Sue Monahan, CEO, Small Cell Forum

Sue Monahan, CEO, Small Cell Forum

This post is by Sue Monahan, CEO, Small Cell Forum

In the eyes of many consumers, 4G/LTE is no longer a next-gen technology. Numerous operators around the globe have rolled out their networks, are in the process of doing so or are planning to in the near future. Similarly, the latest and most desirable devices being launched boast 4G capability; something that will become less a feature, more of a standard as the year goes on.

But as more of the population migrate to 4G, taking advantage of the faster data speeds available to them, there is a risk networks will face similar bottlenecks to those of 3G. It is of the utmost importance operators can deliver the headline speeds that make 4G so attractive.In February, at Mobile World Congress, the Small Cell Forum launched Release Three of its Release Program focusing on urban small cell deployments. This included a business case document that indicated four key drivers for urban small cells: capacity enhancement, depth of coverage, improved user experience and value-added services. The need is clear and operators are keenly aware of the fact.

Urban small cells are set to form a significant part of mobile networks going forward – partly due to the move to LTE – providing cost-effective capacity and deep coverage. Their relative low-cost and ability to be deployed where they are needed most, arguably makes them unparalleled as a tool for network densification. However, for urban small cells to be the success we at the Forum feel they are destined to be – and reach the millions deployed by 2016 that has been predicted – it’s important that operators have access to the tools and information they need.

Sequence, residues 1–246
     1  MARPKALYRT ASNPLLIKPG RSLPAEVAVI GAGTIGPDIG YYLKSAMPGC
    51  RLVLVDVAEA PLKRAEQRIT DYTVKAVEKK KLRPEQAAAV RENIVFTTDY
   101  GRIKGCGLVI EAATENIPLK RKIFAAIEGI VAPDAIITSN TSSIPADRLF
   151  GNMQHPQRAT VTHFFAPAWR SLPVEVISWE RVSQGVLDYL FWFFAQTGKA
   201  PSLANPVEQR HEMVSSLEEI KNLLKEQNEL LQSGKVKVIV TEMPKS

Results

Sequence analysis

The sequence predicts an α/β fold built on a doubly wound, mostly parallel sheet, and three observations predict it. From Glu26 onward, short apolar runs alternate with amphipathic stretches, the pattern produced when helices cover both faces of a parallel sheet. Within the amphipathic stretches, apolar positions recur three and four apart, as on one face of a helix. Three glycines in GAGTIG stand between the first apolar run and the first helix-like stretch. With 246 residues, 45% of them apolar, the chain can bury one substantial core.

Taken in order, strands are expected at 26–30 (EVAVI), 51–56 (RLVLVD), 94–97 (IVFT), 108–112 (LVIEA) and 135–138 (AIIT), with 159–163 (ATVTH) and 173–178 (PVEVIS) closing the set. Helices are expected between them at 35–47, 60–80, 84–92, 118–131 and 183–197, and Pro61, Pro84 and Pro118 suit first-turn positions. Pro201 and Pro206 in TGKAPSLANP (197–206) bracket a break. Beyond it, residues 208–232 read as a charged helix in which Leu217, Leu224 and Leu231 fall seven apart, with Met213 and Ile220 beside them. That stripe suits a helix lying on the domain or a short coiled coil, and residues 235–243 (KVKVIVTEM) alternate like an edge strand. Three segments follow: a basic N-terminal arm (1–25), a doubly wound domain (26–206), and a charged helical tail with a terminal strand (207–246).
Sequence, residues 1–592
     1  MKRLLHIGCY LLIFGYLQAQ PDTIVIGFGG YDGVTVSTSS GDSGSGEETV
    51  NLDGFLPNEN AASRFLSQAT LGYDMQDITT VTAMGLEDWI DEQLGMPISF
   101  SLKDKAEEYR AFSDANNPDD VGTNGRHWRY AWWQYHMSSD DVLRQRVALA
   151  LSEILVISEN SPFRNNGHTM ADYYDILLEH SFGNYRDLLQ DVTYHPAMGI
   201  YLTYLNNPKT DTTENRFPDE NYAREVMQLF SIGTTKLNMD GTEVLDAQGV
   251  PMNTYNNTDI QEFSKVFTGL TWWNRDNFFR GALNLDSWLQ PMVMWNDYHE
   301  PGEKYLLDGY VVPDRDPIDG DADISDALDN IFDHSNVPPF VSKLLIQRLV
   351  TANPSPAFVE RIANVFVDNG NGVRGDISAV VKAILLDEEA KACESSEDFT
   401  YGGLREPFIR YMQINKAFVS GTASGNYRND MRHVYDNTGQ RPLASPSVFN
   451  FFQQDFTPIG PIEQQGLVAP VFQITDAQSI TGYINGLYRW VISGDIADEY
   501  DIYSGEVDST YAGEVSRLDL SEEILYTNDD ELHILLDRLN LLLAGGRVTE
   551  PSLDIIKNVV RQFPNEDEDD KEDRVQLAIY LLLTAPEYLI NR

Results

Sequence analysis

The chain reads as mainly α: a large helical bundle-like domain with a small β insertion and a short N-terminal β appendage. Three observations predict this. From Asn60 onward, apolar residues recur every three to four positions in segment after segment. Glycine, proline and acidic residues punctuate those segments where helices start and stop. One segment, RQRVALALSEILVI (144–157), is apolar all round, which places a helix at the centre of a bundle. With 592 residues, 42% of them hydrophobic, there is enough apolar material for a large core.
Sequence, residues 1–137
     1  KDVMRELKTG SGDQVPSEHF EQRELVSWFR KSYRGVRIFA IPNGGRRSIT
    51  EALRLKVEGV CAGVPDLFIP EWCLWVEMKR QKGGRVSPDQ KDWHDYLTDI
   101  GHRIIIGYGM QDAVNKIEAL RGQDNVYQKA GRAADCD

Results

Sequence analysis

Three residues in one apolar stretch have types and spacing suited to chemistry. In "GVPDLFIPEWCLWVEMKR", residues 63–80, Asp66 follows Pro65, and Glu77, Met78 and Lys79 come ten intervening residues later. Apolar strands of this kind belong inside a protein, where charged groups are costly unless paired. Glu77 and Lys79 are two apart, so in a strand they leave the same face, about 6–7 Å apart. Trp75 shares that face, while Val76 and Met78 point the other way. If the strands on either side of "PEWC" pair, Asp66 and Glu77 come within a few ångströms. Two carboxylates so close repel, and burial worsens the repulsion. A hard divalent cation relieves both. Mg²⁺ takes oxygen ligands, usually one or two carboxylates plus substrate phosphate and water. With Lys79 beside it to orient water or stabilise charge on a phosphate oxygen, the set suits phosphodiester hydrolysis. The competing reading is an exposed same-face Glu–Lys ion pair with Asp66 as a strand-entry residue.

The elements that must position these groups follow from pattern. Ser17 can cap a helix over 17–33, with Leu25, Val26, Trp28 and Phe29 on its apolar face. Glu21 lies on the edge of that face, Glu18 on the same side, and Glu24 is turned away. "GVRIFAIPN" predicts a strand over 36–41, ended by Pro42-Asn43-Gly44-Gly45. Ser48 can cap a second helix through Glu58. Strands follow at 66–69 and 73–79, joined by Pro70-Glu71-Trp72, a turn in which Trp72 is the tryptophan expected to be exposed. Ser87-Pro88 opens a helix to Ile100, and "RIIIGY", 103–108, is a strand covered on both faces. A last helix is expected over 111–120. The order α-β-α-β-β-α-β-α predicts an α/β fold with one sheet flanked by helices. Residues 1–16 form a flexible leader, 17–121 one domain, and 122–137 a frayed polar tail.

A small cell, yesterday

As part of Release Three we approached operators to find out what they feel is holding them back – with backhaul and optimal site acquisition coming in as the most pressing concerns. The release also included papers that address both the regulatory and backhaul considerations for urban small cells and will add considerable detail in Release Four as we learn more from real world deployments. We also have many innovative member companies working to overcome these barriers whose work will help inform future releases.

The importance of small cells in delivering on the potential of LTE can’t be understated; but for that to happen, it’s vital we make sure operators have the ‘street smarts’ to effectively deploy them. If we do, I’m sure LTE will enjoy a very bright future.

If you’d like to learn more about small cells and the Forum’s Release Program, head to www.scf.io where all our documents are available to download for free or catch us at any one of the LTE World Series events we’re speaking at starting with LTE MENA in May and LTE World Summit in June.

 

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